“God with skin on”

Unless you live under a rock, you’ve heard about some massive destruction happening in our world right now.

  • Fires in British Columbia
  • Tropical storm Harvey in the southern U.S.
  • Flooding in Bangladesh, India and Nepal
  • And most recently, Hurricane Irma as it slams the Caribbean, and possibly heads toward Florida

There are many reasons to be concerned. So what can you do?

Several years ago a Tornado hit Lafayette, Tennessee. In response, people from a nearby church in Nashville got together to pick up trees, haul away debris, and offer general assistance.

A newspaper asked one of the helpers why they came. This is what he said: “We want to be God with skin on.”


He wasn’t claiming to be God. He was talking about sharing the presence of God with those who hurt.

I’m not sure where you live. Most of you are in North America. I’m guessing you’re pretty spread out. But some of you are close—very close—to some of these disaster areas. If so, local agencies are already giving advice about how to help.

But what do the rest of us do?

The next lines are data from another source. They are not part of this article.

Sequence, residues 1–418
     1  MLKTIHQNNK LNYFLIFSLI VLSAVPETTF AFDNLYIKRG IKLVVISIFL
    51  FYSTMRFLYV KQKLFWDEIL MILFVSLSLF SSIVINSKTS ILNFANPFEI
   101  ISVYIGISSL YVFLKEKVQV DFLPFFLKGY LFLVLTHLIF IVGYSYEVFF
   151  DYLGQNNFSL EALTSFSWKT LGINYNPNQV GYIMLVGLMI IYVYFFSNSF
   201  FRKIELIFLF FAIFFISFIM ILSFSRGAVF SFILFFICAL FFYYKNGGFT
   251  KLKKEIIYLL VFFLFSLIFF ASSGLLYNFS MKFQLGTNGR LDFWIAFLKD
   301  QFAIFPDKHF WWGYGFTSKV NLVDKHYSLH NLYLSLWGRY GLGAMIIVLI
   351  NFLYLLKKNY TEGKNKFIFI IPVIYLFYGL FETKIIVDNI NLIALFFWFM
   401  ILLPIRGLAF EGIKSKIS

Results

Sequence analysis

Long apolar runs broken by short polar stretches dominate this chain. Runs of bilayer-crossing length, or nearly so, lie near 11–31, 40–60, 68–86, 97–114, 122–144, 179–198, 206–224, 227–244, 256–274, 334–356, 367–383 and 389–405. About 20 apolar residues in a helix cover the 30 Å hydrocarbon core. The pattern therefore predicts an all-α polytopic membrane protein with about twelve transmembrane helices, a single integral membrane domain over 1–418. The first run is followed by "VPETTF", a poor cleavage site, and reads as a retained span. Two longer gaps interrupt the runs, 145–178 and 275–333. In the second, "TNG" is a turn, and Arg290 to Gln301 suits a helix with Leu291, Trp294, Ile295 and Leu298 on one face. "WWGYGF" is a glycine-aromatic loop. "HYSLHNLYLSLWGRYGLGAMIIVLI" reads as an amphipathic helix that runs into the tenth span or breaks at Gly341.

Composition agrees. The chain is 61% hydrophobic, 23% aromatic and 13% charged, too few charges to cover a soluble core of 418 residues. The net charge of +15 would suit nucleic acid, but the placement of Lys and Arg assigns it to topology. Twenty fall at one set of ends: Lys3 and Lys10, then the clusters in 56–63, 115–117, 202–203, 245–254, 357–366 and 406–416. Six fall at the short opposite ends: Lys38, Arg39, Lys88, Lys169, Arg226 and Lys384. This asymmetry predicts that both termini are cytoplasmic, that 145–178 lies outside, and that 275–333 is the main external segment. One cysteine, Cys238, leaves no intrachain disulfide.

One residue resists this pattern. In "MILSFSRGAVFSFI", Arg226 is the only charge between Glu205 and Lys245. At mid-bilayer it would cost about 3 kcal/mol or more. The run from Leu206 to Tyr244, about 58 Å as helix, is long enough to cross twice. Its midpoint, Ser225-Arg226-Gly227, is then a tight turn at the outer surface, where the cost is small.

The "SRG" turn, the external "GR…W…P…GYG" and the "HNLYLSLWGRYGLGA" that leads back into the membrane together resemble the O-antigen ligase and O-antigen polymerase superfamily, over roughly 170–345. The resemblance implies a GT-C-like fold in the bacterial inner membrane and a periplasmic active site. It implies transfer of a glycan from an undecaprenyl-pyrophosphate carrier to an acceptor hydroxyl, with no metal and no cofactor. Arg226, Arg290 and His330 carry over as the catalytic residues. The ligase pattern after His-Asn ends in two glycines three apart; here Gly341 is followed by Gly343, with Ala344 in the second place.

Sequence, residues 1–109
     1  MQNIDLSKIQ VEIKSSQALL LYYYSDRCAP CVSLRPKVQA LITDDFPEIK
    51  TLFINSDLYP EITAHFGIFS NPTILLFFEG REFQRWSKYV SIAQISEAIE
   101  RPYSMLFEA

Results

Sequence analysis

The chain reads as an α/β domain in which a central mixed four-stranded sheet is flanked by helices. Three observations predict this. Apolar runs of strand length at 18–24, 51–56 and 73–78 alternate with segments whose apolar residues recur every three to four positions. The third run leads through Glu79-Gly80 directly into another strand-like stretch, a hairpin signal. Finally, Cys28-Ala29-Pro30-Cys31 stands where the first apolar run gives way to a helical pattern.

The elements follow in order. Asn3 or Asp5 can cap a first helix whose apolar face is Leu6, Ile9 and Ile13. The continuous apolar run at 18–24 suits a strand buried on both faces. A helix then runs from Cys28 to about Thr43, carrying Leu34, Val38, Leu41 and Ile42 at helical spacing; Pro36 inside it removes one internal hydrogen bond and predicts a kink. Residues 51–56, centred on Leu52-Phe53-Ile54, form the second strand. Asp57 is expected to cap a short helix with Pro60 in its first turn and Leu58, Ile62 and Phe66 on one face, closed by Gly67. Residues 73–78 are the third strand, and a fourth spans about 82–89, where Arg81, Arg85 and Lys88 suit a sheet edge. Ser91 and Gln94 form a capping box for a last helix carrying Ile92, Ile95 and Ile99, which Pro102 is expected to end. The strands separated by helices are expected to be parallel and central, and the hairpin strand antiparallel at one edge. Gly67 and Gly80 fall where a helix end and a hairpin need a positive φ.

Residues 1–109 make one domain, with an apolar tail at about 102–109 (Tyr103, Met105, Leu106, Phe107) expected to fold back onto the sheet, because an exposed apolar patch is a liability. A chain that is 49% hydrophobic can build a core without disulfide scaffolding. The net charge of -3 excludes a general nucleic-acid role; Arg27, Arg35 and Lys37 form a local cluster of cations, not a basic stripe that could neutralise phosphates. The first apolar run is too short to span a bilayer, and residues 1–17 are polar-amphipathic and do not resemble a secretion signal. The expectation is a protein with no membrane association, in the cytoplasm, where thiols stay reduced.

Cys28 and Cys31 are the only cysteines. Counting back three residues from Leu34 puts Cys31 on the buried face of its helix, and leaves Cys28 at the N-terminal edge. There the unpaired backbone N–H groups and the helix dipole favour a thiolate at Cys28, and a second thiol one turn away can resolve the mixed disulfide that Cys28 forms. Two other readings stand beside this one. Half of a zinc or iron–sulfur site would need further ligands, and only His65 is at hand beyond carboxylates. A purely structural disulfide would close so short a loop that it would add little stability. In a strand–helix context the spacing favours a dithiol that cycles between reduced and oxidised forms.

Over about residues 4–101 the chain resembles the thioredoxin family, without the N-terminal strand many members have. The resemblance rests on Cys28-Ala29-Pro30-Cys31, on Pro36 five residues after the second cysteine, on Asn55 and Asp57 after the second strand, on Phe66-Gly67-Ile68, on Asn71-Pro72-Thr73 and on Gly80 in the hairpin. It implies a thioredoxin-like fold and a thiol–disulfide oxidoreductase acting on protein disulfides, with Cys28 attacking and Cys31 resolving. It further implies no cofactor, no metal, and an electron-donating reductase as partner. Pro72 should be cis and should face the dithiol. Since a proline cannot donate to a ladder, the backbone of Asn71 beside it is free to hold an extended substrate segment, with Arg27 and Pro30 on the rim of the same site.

First, you can pray.

Second, you can heed the advice of authorities about where they need specific kinds of assistance.

And third, you can send money.

If others were watching your town go through a disaster, isn’t that what you would want them to do?

Proverbs 3:27 offers this advice: “Do not withhold good from those to whom it is due, when it is in your power to act.”

You can’t do everything, but you can do something.

If you’re close to a disaster—or far away—use your knees, ears, arms and wallets. Like the God-with-skin-on helper from Tennessee, you can share the presence of God with those who hurt.

By Matthew Ruttan

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